Violence-prevention advocates have identified the alarming rate of missing and murdered Indigenous women in our state and country. End Domestic Abuse Wisconsin identified how “native women are subjected to higher levels of violence, including trafficking, sexual assault, domestic abuse and homicide, than virtually any other group.” According to the Wisconsin Coalition Against Sexual Assault, “murder is the third leading cause of death for American Indian and Alaskan Native Women.”

jeff-smithLast week, my legislative colleagues introduced a bill that would create a task force on murdered and missing tribal women and girls. The task force would include members of tribal governments, survivor advocates, members of the Legislature, law enforcement officers and more. This group would have a number of responsibilities, which includes learning how to better track this data, understanding the systemic sources of violence that tribal women and girls experience and the measures to address this violence to help communities heal.

I’m a proud co-sponsor of this bill, but I’m aware there is more we can do to make our communities safer. Be sure to support survivors by listening and serving as an advocate. We must continue to promote awareness about domestic violence and actively work for a safe future for all.

There are resources available if you or someone you know is a victim of domestic abuse. For immediate assistance, call the National Domestic Violence Hotline at 1-800-799-SAFE(7233).

****

Please note, this weekly column contains sensitive information regarding domestic violence and assault, which may be triggering for some readers.

Tags: Untagged
Rate this blog entry
0 votes

Suicide; Listen Up to Save Lives

Posted by Jeff Smith, State Senator District 31
Jeff Smith, State Senator District 31
Jeff Smith, Senator District 31 (D - Eau Claire)
User is currently offline
on Wednesday, 25 September 2019
in Wisconsin

opioid-overdoseSen. Smith writes about meeting suicide prevention advocates in western Wisconsin and Madison. It is important to stop the stigma around mental illness and understand what action we must take.


EAU CLAIRE, WI - Recently I joined 700 community members at Carson Park for the Sharing Hope Walk, a fundraiser to promote awareness for suicide prevention. Before the walk began, I read a board describing the walk’s importance. Right below the board, there were hundreds of shoes lined up neatly along the course. When I read the bottom of the board, I learned the empty shoes symbolized the number of community members that died by suicide.

Once I saw the empty shoes, I truly understood what brought people there that day. The thoughts I had to share could not compare to the stories I heard from the other speakers. As tears came to my eyes, I realized how fortunate I was to be there with these remarkably strong people who all lost someone dear to them.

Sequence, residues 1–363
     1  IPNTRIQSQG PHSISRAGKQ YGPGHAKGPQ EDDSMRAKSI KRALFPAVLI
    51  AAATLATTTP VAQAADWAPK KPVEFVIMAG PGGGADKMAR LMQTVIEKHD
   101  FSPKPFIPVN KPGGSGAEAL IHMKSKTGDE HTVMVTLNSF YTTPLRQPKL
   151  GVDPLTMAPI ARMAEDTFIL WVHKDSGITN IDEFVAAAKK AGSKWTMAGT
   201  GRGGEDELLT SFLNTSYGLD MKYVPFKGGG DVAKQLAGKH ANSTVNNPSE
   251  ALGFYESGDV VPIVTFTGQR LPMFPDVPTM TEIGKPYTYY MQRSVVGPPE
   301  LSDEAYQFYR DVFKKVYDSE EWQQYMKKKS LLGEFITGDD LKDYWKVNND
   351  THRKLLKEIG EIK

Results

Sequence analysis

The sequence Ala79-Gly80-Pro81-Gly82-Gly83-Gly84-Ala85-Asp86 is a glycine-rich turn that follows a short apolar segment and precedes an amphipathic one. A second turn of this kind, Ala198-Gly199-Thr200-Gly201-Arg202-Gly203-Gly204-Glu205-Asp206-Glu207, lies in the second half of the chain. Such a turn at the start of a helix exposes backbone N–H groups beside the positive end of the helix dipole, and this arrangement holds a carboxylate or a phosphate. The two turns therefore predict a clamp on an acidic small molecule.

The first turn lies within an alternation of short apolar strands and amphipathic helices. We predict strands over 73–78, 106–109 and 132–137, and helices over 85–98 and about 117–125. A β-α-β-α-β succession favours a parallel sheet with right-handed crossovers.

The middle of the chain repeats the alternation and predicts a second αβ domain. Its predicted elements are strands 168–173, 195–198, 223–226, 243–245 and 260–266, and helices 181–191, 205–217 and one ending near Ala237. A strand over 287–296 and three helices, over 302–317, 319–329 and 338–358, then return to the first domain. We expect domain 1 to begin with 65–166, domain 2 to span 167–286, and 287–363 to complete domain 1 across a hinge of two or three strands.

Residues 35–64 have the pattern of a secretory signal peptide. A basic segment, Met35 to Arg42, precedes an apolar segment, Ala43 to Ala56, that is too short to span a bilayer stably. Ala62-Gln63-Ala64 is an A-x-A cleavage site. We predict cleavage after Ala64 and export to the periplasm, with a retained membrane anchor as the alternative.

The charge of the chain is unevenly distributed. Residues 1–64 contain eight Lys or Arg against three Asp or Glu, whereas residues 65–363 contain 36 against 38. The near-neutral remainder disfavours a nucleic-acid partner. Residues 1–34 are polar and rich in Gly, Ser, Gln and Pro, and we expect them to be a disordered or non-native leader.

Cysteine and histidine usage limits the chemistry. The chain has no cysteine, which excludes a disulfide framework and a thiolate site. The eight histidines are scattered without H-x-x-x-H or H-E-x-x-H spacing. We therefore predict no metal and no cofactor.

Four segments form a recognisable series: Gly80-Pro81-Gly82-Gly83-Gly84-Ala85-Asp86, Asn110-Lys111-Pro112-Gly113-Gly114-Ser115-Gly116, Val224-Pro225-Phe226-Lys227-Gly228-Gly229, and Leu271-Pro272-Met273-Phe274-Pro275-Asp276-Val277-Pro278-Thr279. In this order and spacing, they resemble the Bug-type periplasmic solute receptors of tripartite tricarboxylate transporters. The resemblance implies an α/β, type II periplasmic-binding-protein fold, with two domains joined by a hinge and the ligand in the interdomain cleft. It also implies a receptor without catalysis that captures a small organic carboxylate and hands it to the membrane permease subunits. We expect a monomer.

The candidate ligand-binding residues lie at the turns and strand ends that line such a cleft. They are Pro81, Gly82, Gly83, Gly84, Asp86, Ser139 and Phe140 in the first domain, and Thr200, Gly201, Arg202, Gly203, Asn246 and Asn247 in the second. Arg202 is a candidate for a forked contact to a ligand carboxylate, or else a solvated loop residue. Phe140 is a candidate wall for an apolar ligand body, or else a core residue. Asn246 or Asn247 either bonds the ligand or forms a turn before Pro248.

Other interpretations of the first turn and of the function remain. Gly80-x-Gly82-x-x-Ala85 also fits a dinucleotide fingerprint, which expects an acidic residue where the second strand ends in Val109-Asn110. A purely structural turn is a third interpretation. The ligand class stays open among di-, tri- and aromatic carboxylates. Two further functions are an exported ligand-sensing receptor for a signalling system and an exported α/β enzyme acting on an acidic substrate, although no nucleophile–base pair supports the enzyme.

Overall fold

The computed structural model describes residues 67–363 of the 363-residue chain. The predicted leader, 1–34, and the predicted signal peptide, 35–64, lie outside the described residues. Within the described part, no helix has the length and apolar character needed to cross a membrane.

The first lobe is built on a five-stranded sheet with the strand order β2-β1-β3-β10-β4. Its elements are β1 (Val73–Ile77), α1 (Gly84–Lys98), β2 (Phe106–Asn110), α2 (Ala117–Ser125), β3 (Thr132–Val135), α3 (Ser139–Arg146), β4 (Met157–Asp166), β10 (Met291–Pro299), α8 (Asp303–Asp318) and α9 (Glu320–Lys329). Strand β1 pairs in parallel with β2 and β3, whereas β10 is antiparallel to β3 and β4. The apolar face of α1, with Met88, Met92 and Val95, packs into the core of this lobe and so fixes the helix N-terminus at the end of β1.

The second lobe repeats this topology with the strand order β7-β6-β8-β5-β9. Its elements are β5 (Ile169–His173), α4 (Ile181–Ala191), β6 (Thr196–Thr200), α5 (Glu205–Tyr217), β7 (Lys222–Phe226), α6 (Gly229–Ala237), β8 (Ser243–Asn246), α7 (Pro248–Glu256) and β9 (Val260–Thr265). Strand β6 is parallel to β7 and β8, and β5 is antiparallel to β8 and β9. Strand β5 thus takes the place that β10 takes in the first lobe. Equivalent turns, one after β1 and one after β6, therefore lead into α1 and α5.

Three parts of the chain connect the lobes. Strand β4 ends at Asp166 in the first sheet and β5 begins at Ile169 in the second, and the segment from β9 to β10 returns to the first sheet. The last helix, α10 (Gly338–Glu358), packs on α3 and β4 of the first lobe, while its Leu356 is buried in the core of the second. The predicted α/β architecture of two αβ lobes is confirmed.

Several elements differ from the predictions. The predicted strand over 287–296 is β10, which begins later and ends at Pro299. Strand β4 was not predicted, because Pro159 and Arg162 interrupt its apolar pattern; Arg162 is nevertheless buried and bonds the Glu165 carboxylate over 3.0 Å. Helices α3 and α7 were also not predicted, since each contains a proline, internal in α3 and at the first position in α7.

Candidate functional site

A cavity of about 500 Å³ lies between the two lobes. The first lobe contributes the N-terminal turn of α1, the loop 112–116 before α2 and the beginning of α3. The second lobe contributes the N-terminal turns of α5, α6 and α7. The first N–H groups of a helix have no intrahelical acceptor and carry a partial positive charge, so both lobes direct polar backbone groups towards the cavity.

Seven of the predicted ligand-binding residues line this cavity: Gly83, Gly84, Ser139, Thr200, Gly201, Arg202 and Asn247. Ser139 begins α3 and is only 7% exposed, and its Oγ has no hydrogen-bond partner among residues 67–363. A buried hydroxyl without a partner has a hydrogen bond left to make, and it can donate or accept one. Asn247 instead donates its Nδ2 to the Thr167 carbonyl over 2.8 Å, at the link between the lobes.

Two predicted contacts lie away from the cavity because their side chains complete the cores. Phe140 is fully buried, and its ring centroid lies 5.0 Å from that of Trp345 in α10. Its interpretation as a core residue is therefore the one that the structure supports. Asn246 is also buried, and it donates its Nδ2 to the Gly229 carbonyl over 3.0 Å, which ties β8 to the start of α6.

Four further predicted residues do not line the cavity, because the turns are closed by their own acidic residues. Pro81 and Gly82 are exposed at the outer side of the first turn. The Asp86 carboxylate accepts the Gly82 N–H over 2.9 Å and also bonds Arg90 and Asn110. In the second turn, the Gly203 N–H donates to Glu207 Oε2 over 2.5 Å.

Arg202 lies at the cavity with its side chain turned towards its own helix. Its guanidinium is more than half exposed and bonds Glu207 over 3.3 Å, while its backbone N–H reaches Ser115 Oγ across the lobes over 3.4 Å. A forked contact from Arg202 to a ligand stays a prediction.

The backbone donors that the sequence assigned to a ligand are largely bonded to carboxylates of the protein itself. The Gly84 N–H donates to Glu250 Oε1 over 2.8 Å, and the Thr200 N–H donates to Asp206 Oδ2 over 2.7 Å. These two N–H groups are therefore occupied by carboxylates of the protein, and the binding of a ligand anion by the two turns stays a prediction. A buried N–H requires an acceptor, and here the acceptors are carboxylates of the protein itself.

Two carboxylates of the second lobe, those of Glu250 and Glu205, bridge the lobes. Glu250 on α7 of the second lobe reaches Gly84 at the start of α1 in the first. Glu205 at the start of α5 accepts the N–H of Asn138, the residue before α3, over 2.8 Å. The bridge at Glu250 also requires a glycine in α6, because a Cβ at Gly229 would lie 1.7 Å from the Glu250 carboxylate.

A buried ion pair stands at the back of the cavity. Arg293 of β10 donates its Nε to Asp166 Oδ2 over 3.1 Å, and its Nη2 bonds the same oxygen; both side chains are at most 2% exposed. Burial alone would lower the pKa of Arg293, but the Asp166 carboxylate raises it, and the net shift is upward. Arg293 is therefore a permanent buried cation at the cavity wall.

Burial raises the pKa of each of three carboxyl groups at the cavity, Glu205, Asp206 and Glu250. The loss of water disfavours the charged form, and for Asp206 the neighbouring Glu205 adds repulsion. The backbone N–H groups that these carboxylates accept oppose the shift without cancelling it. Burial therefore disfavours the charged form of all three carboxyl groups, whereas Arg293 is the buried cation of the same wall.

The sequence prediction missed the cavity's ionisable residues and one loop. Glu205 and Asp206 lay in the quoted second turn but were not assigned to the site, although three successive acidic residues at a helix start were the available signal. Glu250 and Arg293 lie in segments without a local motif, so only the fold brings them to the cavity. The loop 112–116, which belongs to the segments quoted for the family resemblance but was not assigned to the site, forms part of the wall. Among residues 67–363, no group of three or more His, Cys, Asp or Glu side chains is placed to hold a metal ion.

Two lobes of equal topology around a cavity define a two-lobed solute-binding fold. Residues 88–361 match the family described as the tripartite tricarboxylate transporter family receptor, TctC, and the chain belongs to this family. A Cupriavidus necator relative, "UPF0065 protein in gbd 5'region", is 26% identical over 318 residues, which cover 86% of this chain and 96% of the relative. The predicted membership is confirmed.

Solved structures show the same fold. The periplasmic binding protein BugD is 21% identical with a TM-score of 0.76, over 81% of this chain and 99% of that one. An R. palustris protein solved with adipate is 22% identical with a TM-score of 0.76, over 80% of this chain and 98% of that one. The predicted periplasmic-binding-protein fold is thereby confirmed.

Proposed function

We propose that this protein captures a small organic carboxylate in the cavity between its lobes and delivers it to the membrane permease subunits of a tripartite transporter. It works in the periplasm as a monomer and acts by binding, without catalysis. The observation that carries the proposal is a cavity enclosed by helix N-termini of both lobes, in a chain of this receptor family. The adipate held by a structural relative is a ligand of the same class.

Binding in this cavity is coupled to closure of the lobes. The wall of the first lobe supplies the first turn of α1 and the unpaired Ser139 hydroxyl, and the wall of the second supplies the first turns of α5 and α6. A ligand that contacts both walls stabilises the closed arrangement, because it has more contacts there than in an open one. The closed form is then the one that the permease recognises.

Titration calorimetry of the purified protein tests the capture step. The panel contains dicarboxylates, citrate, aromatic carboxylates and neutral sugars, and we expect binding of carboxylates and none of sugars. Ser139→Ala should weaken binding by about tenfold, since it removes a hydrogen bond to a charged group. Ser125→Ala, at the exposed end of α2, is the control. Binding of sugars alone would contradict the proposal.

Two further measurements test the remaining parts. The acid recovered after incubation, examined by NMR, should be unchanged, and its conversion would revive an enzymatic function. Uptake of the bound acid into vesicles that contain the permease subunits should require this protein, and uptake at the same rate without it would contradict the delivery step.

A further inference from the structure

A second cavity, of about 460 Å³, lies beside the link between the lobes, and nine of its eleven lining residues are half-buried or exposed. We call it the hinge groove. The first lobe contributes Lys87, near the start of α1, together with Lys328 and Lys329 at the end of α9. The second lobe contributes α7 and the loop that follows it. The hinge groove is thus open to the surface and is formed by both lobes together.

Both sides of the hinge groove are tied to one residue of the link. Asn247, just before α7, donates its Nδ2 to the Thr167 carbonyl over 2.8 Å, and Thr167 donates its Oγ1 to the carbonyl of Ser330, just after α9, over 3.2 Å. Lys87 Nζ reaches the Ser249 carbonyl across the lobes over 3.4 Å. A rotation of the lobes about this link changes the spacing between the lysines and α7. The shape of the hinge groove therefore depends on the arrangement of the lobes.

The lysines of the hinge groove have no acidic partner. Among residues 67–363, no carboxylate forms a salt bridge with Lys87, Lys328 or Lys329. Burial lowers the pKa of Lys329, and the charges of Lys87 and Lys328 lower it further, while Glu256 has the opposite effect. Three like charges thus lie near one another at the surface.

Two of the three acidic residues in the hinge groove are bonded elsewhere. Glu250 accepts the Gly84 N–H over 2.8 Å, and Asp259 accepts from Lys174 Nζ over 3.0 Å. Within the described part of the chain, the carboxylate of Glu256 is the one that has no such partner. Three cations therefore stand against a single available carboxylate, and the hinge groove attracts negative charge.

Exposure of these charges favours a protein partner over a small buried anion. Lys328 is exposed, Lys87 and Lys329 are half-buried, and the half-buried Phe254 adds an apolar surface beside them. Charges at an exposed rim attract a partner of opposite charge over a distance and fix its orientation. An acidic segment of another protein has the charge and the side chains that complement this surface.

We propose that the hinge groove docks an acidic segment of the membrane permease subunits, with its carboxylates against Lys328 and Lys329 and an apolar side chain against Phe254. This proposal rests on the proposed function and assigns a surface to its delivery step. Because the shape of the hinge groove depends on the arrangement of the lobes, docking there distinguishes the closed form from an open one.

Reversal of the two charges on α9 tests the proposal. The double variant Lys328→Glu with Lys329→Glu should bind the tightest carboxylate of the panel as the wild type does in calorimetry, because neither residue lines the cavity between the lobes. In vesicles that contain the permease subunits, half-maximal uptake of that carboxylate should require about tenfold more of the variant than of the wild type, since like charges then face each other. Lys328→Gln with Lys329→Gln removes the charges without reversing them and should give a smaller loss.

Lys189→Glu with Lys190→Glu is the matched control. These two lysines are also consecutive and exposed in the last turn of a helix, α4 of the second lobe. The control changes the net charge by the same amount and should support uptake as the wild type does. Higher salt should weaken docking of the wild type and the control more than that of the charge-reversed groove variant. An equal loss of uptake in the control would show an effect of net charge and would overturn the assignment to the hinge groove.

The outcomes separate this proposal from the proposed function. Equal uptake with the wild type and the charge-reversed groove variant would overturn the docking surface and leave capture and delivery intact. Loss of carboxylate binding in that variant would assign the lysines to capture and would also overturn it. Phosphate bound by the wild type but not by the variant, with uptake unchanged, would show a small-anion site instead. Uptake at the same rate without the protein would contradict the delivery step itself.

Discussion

In this moment, I knew I was there to listen. As an elected official, it’s what I love to do. People share their joy and grief with me because they want to make a difference in their community. When community members use their advocacy skills to make a difference, it helps legislators, like me, understand community concerns.

The people at the Sharing Hope event wanted change so others would not go through the horrific grief they experienced. One mother shared a compelling story about her son who attempted suicide a dozen times. Her son survived each attempt and was inspired to stay alive because of the kindness of another young man. After he told his new friend that his day “sucked,” he told him the day wasn’t done and things would get better. Unfortunately, her son’s friend and new hero died in a car accident before he could have a full life. Now, when he’s down, he visits the grave of his hero and reflects on that day and how he must keep going.

However, not everyone has a hero to keep them going. We need to continue to use our voice to smash the stigma around mental illness. Policymakers must listen to the advocates and experts to provide resources for those struggling. I will continue advocating for mental health funding for our schools, additional healthcare resources for our communities and proactive solutions to prevent suicide.

Firearms must be part of the suicide prevention discussion. According to Everytown for Gun Safety, firearm suicide makes up two-thirds of all gun deaths and half of all suicides. Also, firearm suicide disproportionately affects rural areas; suicide by firearm rates are 58% higher in rural areas than in urban areas.

jeff-smithLast week, I joined many of my Democratic colleagues to introduce the Extreme Risk Protection Orders (ERPO) bill to prevent suicide among those most at-risk. ERPO provides a civil process for families or law enforcement to petition a court to temporarily remove firearms from individuals that may be at risk of harming themselves or others. This process is similar to obtaining a temporary restraining order in cases of domestic abuse, child abuse or harassment.

The ERPO proposal is one step we must take to address this issue. It’s been proven effective in 17 other states and Washington D.C., to significantly lower the number of suicides by firearm. We must act and make sure resources are available so family members can protect the ones they love and make sure they know there are better days ahead.

When my colleagues introduced the bill, I was surrounded by healthcare providers, mental health professionals, and activists from Moms Demand Action. Every member of the group had a reason for being there and a story to share. Elected officials need to listen up – we have an opportunity to save lives.

Remember, there are resources available if you or someone you know is struggling. Please visit the American Foundation for Suicide Prevention resource page at afsp.org/find-support/resources/ for a complete list of services.

Tags: Untagged
Rate this blog entry
0 votes
Tweet With Us:

Share

Copyright © 2020. Green Bay Progressive. Designed by Shape5.com